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Magda Hassan
11-11-2008, 12:46 PM
Bloomberg is suing to find out who got the $2 trillion 'loans'. Transparency was agreed on as a condition of the loans but now the Federal Reserve wont say who got what or what the conditions are.

Fed Defies Transparency Aim in Refusal to Disclose (Update2)
By Mark Pittman, Bob Ivry and Alison Fitzgerald
http://www.bloomberg.com/apps/data?pid=avimage&iid=iYrgCN6FC5Bs
http://images.bloomberg.com/r06/news/enlarge_details.gif (http://www.bloomberg.com/apps/news?pid=photos&sid=aOngFPgq7r3M)

Nov. 10 (Bloomberg) -- The Federal Reserve is refusing to identify the recipients of almost $2 trillion of emergency loans from American taxpayers or the troubled assets the central bank is accepting as collateral.
Fed Chairman Ben S. Bernanke (http://search.bloomberg.com/search?q=Ben+S.+Bernanke&site=wnews&client=wnews&proxystylesheet=wnews&output=xml_no_dtd&ie=UTF-8&oe=UTF-8&filter=p&getfields=wnnis&sort=date:D:S:d1) and Treasury Secretary Henry Paulson (http://search.bloomberg.com/search?q=Henry%0APaulson&site=wnews&client=wnews&proxystylesheet=wnews&output=xml_no_dtd&ie=UTF-8&oe=UTF-8&filter=p&getfields=wnnis&sort=date:D:S:d1) said in September they would comply with congressional demands for transparency in a $700 billion bailout of the banking system. Two months later, as the Fed lends far more than that in separate rescue programs that didn't require approval by Congress, Americans have no idea where their money is going or what securities the banks are pledging in return.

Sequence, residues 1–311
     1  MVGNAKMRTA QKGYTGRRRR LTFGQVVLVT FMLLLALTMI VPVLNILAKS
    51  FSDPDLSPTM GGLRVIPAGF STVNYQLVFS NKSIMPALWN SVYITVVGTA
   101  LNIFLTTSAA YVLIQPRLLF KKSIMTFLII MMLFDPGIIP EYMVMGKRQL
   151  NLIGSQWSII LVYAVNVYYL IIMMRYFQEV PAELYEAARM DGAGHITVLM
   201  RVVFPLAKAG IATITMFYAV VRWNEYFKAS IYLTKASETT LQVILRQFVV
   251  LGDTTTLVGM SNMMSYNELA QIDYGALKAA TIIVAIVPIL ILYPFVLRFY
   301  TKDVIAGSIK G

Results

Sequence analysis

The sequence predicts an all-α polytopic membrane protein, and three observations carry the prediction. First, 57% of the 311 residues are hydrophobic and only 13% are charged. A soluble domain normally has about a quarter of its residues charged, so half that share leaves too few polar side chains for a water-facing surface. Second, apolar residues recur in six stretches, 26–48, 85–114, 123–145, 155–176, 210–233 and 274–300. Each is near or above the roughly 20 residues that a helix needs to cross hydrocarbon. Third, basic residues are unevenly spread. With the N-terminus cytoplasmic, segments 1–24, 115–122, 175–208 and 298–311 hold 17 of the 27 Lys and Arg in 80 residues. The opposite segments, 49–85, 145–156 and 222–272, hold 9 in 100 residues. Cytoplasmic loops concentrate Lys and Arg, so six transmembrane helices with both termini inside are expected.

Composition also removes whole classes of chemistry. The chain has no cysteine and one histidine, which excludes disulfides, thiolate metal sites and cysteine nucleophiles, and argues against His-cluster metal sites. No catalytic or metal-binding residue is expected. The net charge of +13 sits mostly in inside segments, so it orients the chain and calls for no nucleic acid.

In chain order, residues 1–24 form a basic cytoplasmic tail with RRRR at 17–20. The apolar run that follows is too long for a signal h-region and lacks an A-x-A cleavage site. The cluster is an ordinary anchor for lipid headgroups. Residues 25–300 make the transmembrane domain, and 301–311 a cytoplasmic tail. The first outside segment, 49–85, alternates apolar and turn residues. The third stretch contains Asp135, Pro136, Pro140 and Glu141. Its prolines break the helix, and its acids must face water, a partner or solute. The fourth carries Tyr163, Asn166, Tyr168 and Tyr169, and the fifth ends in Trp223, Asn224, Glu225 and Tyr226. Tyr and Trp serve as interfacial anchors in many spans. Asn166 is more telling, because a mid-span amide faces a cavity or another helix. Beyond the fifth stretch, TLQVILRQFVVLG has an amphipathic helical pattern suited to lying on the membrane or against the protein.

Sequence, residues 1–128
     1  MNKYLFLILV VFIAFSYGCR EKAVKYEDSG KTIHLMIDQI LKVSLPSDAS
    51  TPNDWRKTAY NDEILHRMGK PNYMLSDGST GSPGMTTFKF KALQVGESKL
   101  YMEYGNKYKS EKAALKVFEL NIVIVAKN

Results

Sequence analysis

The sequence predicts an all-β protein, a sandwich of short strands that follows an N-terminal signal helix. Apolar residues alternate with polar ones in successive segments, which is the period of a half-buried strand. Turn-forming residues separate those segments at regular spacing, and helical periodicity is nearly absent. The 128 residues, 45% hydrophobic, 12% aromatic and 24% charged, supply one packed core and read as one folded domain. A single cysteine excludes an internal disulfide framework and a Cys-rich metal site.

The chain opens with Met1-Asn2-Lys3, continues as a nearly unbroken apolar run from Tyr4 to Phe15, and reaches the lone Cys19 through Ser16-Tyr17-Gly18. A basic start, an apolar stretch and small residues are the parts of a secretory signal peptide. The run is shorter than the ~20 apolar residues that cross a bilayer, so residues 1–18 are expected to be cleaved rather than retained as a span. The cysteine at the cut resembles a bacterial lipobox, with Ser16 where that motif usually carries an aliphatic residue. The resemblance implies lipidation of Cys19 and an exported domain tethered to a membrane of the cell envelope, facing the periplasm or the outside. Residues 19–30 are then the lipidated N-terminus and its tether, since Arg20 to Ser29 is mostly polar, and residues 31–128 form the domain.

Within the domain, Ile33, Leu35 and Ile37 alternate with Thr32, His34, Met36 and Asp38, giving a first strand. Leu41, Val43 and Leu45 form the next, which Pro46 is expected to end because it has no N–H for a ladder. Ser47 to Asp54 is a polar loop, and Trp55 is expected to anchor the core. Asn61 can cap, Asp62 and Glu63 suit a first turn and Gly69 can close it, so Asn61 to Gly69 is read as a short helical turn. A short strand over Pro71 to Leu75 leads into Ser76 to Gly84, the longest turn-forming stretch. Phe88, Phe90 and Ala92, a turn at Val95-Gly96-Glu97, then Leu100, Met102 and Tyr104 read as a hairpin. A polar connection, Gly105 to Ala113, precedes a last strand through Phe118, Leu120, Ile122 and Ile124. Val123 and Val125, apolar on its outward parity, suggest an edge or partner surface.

``The collateral is not being adequately disclosed, and that's a big problem,'' said Dan Fuss (http://search.bloomberg.com/search?q=Dan+Fuss&site=wnews&client=wnews&proxystylesheet=wnews&output=xml_no_dtd&ie=UTF-8&oe=UTF-8&filter=p&getfields=wnnis&sort=date:D:S:d1), vice chairman of Boston- based Loomis Sayles & Co., where he co-manages $17 billion in bonds. ``In a liquid market, this wouldn't matter, but we're not. The market is very nervous and very thin.''
Bloomberg News has requested details of the Fed lending under the U.S. Freedom of Information (http://www.usdoj.gov/oip/) Act and filed a federal lawsuit Nov. 7 seeking to force disclosure.
The Fed (http://www.frbdiscountwindow.org/cfaq.cfm?hdrID=21&dtlID=) made the loans under terms of 11 programs, eight of them (http://www.federalreserve.gov/newsevents/press/monetary/20080914a.htm) created in the past 15 months, in the midst of the biggest financial crisis since the Great Depression.
``It's your money; it's not the Fed's money,'' said billionaire Ted Forstmann (http://search.bloomberg.com/search?q=Ted+Forstmann&site=wnews&client=wnews&proxystylesheet=wnews&output=xml_no_dtd&ie=UTF-8&oe=UTF-8&filter=p&getfields=wnnis&sort=date:D:S:d1), senior partner of Forstmann Little & Co. in New York. ``Of course there should be transparency.''
Treasury, Fed, Obama